The purpose of verses 18 to 20 might be summarized as ‘don’t compare Him to idols’ and then verses 21 & 22 exalt the Lord, showing how He is so different.

Verse 18: No Comparison! “With whom, then, will you compare God? To what image will you liken him?”  Hey people, Isaiah challenges the people, stop and think about this. Stop and think about what you know about God, and then look at these idols you have around you. Come on now, look at these idols you have, think about how they are made and then stop and think about the Lord. Really, there is no comparison is there!

Verse 19: Idol manufacture: “As for an idol, a metalworker casts it, and a goldsmith overlays it with gold and fashions silver chains for it.”  Be honest, you know how an idol is made. You only have to go along to a goldsmith’s workshop and you see how an idol, either wood or cast in metal is made and then overlaid with gold and has silver chains attached to it. Were such chains used to help it down in place in the home, so it couldn’t be easily removed? We don’t know, but the point is that this idol is made by other people.

Verse 20: The process: “A person too poor to present such an offering selects wood that will not rot; they look for a skilled worker to set up an idol that will not topple.”  Look, he continues, even the very poor who may not be able to afford an image covered in gold or silver, has an idol. Their idol is very basic. They look around for some hardwood that will last and they find someone who can work with wood to shape it and create a basic image for them, something that will last, be stable and not keep falling over. They actually put effort into all these considerations, but they are still very obvious objects, things you can see and things you know exactly how they came about.

This is what Isaiah is pressing in on, the ordinariness of these objects, objects that are man-made and which, therefore, have no life, no power, or ability to change circumstances, change the world. We would never believe such foolish things and yet there are things in twenty-first Western life that may not have the same appearance but to which we give the same credibility. What are the things that we rely upon, what are the things that the world uses as a substitute for God, things we believe can help us survive, things we must hold on to and view as precious, not to be let go of?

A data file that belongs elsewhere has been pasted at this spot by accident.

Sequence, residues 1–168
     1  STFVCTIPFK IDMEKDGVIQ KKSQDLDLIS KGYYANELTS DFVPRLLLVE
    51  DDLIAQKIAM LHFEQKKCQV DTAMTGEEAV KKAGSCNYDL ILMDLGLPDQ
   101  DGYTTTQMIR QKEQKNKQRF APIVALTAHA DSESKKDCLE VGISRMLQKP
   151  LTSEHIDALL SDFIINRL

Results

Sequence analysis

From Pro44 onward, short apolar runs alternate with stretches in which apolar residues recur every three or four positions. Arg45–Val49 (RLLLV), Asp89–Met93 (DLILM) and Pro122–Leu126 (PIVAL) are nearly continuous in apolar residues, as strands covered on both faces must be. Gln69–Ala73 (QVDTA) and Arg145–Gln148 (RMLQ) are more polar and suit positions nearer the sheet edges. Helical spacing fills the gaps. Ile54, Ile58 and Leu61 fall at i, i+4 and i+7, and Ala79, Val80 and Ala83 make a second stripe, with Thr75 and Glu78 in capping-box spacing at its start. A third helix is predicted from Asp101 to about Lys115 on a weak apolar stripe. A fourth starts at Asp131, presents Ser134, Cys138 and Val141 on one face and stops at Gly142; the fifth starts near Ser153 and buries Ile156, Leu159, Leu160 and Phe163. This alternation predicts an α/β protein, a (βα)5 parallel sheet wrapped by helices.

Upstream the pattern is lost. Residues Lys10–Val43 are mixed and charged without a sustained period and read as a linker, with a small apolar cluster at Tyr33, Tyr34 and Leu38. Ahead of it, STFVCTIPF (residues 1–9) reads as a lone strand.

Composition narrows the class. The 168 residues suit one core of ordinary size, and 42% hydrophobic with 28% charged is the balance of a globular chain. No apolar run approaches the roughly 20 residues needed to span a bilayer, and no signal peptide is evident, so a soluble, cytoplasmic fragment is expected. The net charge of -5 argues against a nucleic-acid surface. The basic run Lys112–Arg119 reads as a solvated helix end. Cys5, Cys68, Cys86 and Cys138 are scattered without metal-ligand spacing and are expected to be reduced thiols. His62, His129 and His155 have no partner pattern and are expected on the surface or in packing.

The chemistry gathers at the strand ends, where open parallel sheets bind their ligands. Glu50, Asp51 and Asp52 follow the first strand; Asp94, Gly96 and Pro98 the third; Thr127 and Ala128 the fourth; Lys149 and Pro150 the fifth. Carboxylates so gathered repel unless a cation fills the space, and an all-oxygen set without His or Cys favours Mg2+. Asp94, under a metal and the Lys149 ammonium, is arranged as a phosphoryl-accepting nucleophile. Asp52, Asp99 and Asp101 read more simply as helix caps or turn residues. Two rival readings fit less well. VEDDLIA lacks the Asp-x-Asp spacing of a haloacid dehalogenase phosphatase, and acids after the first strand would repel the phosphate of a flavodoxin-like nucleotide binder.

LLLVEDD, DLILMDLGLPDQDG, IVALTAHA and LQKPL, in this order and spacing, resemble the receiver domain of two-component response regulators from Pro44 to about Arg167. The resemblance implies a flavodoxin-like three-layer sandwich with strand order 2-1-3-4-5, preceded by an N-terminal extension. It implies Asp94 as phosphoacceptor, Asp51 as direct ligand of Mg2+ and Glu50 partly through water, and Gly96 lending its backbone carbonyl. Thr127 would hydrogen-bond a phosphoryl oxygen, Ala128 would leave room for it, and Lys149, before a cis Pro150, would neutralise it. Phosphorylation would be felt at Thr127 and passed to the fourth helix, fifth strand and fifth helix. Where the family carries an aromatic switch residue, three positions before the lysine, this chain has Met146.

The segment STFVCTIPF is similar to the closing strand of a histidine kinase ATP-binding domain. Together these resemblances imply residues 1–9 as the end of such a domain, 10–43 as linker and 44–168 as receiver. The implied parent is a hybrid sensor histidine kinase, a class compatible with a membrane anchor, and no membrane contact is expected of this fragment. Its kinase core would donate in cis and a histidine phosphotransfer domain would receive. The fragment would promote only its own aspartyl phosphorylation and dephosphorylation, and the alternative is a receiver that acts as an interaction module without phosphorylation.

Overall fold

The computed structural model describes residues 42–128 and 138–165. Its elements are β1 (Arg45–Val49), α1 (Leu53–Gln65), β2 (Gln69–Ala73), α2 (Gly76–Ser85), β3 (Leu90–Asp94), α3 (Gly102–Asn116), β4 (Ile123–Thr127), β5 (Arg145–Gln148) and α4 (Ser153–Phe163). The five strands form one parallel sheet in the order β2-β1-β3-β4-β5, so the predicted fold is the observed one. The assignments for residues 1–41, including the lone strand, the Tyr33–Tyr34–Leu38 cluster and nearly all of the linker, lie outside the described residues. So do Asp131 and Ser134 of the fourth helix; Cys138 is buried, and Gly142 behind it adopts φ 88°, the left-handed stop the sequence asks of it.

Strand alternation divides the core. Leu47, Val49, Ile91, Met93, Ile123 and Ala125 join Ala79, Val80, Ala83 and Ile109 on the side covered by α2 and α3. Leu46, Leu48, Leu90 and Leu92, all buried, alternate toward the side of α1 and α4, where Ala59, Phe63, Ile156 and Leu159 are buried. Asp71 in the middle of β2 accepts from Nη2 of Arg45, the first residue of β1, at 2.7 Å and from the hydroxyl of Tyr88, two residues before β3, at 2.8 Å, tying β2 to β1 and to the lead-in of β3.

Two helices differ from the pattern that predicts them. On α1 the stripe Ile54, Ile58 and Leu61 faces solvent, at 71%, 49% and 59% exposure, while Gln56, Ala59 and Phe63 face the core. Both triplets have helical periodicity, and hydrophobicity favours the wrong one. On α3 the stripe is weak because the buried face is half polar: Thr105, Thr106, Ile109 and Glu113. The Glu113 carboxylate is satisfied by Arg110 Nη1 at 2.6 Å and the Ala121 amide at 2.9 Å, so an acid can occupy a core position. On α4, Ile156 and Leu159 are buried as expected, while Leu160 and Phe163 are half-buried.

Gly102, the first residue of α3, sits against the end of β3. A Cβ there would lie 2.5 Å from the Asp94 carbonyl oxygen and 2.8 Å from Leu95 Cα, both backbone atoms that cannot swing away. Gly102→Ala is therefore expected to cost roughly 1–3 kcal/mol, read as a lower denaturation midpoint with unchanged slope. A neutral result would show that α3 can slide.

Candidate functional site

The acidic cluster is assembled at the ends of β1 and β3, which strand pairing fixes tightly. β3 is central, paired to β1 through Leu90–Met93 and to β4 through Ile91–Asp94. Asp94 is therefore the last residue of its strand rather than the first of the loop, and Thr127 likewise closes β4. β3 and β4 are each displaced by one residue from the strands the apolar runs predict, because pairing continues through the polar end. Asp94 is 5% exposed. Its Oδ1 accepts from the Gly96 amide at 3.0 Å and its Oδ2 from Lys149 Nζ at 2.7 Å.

A point to ponder. Of what in our lives do we give greater importance than the Lord? Comfort? Pleasure? Success? Appearance? Modern technology? Work? Leisure? These are the modern ‘idols’ that many place first in their lives. These deceive us because there appears no similarity to the things we see ‘pagan peoples’ worship, and we consider ourselves so much more sophisticated, but they are still things that modern Western man puts in front of God. They can be very simple, for even just a person we can exalt and put before God. If we honour and exalt such a figure that they blank out God, they become an idol. I won’t bother to dignify some more scientific atheists by naming them, but they are idols in the minds of some in their ‘followers’.

The worship of ‘self’ or of ‘me’ is an idol, something that replaces God and which we esteem above anything else. Watch the way some journalistic columnists write, above contradiction, claiming the high ground, beyond question, elevating themselves to the position of little gods. Listen to some politicians and you find the same thing.

Now do the same comparison exercise that Isaiah has just done. Does it make sense to make appearance or personal success or pleasure & leisure – or people – the  governing feature of our lives when there is the Lord, the almighty One, standing there with open arms calling us into real relationship? A last thought. You could easily take one of the idols that Isaiah has been talking about and destroy it. What effect would it have had? None, except in the mind of the superstitious idol-worshipper. Now to do a modern comparison, it is probably easier to imagine you are separated off from these possible ‘idols’ we have been thinking about.  Imagine you contract a fatal illness. Suddenly all these things we have listed above become worthless. Success becomes meaningless. Materialism becomes meaningless. Pleasure becomes meaningless. Celebrities and atheistic scientists and politicians become meaningless. The only thing of meaning before you, is life. The threat of its removal suddenly puts everything else in perspective. No our idols may not sit on a shelf, but they are just as insidious if they become substitutes for God – until our life is seriously under threat and then we start thinking sensibly.

Application for further thought and prayer: Lord, please forgive me if I put things or people before you. Please draw my heart. I purpose to make you first before all else.

 

29. Image of the Invisible God

Meditations in Colossians: 29. Image of the Invisible God

Col 1:15   He is the image of the invisible God.